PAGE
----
When I was a teenager I enjoyed reading the book of Ecclesiastes. Not a story as such, but a book that talks round the meaning of life, and also has quite a negative tone in some places as Solomon discusses the pointlessness of everything. Quite suitable for grumpy teenagers! Of course it does end on a good note…
Thinking about Bible characters and their lives can make things more real for us today. If we try to put flesh on the bones of the story, and really understand what a particular character was feeling, we learn that human nature doesn’t change over time. These people had the same desires, needs and wants as us. They got things wrong, they made mistakes, and they picked themselves up and started again, and learned how to deal with their emotions – just like we have to do.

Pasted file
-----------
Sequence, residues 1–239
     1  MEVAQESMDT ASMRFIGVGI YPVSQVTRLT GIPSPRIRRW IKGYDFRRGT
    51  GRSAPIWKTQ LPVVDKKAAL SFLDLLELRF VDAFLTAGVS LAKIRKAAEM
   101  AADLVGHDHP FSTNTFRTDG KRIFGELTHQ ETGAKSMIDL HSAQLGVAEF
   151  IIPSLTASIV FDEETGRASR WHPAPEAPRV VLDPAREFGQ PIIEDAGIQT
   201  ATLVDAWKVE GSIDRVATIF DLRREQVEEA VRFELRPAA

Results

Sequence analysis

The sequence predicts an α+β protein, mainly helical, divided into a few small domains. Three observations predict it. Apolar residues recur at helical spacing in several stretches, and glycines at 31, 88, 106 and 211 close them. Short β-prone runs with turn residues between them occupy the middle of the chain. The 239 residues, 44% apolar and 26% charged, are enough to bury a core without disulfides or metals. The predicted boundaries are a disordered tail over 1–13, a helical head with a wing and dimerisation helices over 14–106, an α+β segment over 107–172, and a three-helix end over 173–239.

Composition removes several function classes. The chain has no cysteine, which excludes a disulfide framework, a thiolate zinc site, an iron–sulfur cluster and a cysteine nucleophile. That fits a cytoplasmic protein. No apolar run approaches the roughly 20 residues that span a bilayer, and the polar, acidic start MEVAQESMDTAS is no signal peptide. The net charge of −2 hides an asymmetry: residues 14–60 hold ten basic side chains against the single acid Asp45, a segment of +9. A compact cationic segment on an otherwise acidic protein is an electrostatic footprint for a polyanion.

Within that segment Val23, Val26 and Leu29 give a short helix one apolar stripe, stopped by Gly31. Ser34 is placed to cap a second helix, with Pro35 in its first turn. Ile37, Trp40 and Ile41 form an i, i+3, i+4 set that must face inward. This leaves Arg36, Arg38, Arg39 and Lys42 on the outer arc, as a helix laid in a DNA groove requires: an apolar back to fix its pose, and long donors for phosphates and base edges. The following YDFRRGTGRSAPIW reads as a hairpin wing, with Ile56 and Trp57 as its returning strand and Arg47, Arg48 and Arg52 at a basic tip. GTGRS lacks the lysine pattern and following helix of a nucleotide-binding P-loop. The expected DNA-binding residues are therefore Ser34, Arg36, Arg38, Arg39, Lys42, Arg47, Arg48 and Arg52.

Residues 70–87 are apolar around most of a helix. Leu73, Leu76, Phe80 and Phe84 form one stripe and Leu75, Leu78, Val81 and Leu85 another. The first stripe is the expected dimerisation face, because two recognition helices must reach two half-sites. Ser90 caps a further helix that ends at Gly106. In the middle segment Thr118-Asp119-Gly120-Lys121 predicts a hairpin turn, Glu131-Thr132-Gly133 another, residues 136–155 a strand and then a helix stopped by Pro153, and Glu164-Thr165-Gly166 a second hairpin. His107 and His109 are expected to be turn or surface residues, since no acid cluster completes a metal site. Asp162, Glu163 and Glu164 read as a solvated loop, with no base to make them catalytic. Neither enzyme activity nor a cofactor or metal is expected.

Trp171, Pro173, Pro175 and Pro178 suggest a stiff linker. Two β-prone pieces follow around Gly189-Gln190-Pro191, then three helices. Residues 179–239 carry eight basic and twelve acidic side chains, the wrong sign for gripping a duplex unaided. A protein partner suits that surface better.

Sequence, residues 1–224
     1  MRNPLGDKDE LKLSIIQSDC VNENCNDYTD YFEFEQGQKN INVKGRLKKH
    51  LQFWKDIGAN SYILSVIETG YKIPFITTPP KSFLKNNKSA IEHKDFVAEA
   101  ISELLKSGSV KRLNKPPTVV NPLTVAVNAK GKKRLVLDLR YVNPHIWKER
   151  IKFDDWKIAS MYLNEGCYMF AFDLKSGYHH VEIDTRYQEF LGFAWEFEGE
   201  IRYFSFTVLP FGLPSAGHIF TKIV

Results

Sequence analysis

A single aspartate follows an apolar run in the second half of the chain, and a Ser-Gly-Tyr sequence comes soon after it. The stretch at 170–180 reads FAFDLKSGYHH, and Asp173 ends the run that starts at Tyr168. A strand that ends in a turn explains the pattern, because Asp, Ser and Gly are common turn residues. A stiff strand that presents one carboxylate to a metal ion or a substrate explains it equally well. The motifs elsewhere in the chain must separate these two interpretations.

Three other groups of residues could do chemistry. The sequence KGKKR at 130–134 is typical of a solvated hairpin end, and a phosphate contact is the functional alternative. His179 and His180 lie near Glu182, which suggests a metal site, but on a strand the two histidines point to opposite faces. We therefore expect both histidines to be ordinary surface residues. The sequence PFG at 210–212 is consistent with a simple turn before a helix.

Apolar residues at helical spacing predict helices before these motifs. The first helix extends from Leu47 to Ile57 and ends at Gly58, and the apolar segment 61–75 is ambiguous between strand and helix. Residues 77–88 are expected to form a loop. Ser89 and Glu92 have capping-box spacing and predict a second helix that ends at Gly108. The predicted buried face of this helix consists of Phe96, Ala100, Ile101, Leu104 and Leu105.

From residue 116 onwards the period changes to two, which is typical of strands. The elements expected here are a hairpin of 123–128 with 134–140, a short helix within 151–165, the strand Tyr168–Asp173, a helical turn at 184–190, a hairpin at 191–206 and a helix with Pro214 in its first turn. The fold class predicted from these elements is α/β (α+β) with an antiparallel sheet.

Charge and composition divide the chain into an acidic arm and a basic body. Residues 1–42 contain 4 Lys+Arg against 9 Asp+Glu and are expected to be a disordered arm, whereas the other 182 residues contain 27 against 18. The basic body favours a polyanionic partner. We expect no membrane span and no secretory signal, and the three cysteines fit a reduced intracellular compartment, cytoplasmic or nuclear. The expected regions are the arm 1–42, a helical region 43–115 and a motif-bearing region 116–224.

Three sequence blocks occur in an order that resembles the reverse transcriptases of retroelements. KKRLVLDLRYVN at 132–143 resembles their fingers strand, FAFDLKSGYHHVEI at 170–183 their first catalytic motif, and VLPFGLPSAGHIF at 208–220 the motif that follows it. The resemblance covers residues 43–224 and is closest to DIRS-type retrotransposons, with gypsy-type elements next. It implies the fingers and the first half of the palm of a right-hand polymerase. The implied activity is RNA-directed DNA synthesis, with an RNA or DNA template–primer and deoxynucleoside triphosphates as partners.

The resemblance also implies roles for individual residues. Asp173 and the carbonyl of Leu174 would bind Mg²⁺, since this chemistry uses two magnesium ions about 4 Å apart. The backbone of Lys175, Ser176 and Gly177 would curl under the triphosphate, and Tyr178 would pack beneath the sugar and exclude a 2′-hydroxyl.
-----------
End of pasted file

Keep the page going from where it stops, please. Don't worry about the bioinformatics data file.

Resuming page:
Some people were impatient, some were loving and kind, some were warlike, some were ready to stand up for what they believed in. Some had difficult family lives, some were fully supported, some people were introverted, and some were leaders and heroes. The only differences between them and us are cultural and social differences, and the method by which God revealed his truth to them – whether by laws, prophets, or writings.
So next you pick up the Bible why not re-read your favorite childhood story, or if you have a child yourself, or a Sunday School class, ask them what their favorite story is and share it again together, and bring those men and women of olden times back to life.
The apostle Paul loved his Bible stories – have a read of Hebrews 11 some time where he discusses many situations in which Old Testament characters showed their faith. He ends the chapter with a wonderful promise: